Wednesday, Jun 29, 2016
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Opinion

UT's Amstutz ready to hand over QB reins to sophomore

For the first time since 2003, someone other than Bruce Gradkowski will start at quarterback for the University of Toledo this season.

Clint Cochran, a redshirt sophomore from Wadsworth, Ohio, is the favorite to replace Gradkowski after serving as his backup a year ago.

But Life After Bruce won't be quite the same, at least for a while.

UT-s-Amstutz-ready-to-hand-over-QB-reins-to-sophomore

Clint Cochran is No. 1 at quarterback on UT's depth chart. The Rockets open preseason practice on Aug. 2.

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Gradkowski turned out be a pretty gifted leader and a pretty darn good football player, despite being overlooked by every Division I-A program except Toledo coming out of high school.

He managed the Rockets' wide-open offense like a cop directs traffic, like a conductor leads an orchestra.

Gradkowski set 19 school records in his three seasons as UT's starter, including most yards (9,225), most touchdowns (85) and highest completion percentage (68.4).

He shared co-MVP honors in the Mid-American Conference with Western Michigan wide receiver Greg Jennings last season as a senior.

In April, the Tampa Bay Buccaneers selected Gradkowski in the sixth round. He was the first Rockets quarterback taken in the NFL draft in 30 years.

"When you have a guy like that, a guy who is a special football player and a great leader, you're always going to miss him for a day or two," UT coach Tom Amstutz said.

A day or two?

You have to believe that Gradkowski's absence will linger a little longer than that.

You just can't replace one of the best quarterbacks in school history with a youngster like Cochran, who has one college start to his credit, and not expect to take a temporary step back.

If Amstutz is worried, he is not saying so publicly.

He has been successful in shuffling quarterbacks before in his pass-happy offense, replacing All-MAC performer Tavares Bolden with Brian Jones in 2002, and Jones with a redshirt sophomore named Gradkowski in 2003.

Amstutz is confident Coch-ran, who will be No. 1 on the depth chart when the Rockets open preseason practice Aug. 2, can step in and fill the void created by Gradkowski's departure.

Cochran, 6-foot-3 and 205 pounds, saw action in six games last season. He started the Fresno State game - a lopsided 44-14 loss - when Gradkowski was out with an injury.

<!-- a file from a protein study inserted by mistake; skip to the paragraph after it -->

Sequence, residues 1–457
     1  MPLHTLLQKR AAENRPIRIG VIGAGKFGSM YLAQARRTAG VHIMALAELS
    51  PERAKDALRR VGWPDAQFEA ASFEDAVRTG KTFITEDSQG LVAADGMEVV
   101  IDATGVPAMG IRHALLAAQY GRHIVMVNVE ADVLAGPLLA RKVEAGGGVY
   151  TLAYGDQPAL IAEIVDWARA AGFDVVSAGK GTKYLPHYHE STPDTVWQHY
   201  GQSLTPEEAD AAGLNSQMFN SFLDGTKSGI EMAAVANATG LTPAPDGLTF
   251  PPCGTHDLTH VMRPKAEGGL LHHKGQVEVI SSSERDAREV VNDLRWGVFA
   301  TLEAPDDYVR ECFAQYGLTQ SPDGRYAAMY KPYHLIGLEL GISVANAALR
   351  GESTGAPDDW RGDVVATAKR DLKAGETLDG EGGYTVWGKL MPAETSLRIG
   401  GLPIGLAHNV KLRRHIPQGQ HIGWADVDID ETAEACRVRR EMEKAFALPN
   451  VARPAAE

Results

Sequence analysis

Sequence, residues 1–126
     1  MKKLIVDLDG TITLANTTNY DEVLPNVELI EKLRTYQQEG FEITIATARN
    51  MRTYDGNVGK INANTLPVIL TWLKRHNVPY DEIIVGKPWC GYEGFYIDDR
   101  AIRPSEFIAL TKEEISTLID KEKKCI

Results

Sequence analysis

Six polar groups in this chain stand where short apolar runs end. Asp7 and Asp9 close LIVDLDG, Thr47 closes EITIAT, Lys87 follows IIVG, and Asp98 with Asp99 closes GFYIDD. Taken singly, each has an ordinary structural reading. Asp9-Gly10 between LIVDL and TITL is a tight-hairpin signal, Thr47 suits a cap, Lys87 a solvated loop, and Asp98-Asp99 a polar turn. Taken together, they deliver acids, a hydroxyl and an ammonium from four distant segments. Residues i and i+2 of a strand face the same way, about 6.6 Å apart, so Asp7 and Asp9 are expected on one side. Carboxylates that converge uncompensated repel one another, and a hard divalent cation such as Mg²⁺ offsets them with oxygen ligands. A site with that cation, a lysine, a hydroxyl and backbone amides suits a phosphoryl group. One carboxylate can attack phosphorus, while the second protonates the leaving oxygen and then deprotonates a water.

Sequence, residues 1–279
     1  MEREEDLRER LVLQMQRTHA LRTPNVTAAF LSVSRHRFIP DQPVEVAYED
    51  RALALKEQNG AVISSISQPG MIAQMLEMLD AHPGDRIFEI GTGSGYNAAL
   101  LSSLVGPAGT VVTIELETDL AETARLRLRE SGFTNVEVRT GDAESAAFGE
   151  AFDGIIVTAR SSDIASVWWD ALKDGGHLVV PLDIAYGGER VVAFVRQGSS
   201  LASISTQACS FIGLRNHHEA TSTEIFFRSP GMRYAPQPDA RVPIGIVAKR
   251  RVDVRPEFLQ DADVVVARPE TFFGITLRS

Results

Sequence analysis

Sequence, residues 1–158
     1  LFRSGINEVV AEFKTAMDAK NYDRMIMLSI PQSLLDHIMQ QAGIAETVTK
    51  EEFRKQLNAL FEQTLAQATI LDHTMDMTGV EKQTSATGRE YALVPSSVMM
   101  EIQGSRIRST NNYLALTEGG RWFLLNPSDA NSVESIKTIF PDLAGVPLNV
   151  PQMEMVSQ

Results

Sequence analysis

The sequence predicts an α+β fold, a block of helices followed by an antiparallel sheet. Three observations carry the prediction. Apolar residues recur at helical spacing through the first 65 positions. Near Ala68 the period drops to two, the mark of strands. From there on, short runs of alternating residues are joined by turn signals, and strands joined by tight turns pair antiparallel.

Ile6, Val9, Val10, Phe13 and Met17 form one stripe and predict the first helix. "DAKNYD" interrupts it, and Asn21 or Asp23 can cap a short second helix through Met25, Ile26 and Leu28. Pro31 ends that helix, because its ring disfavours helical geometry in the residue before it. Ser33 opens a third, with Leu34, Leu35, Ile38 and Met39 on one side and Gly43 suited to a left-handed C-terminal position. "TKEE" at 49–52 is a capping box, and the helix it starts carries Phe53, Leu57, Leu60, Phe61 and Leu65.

A former All-Ohio first team Division I quarterback, Cochran completed 32 of 43 passes for 262 yards a year ago. He also threw one touchdown pass and one interception.

"Clint Cochran is a very smart kid," Amstutz said. "He's one of the smartest people I know at Toledo, including the professors. He has a 4.0 in biomedical engineering. I'm not worried about him."

One thing that could help speed up Cochran's transition is that he will have plenty of support around him.

Four starters return on the offensive line, including All-MAC left tackle John Greco. Cochran will have a steady stable of tight ends, receivers and running backs to get the ball to and pick from.

However, Amstutz said two guys expected to be key contributors in the backfield - Scooter McDougle and Raymond Williams - are questionable for the start of preseason drills.

McDougle redshirted in 2005 while recovering from a devastating knee injury. Williams, who practiced twice a week with UT in the spring, is a former Parade Magazine All-American who hasn't played in a game in more than two years after pleading guilty to involuntary manslaughter and aggravated robbery in high school.

"Scooter still has some issues he needs to get resolved. He needs to get in shape and he needs to get his academics in order," Amstutz said. "And Ray Williams still has some work to do. They are both question marks right now.

"But we have three other strong running backs - Jalen Parmele, Richard Davis and DaJuane Collins - and I am excited about that."

UT fans will also see a new and improved version of Amstutz. That burly guy you see on billboards all over town has lost 50 pounds.

His goal is to drop 50 more.

"I feel great - I am leaner and meaner," said Amstutz, who has a 45-18 record in five seasons. "I am watching what I eat now and I am working out every day. I went to Alaska this summer and climbed Mt. Juneau and did some salmon fishing. It was nice and relaxing."

But 10 days from now, when preseason drills kick off, the weight of UT's offense will rest squarely on the shoulders of Clint Cochran.

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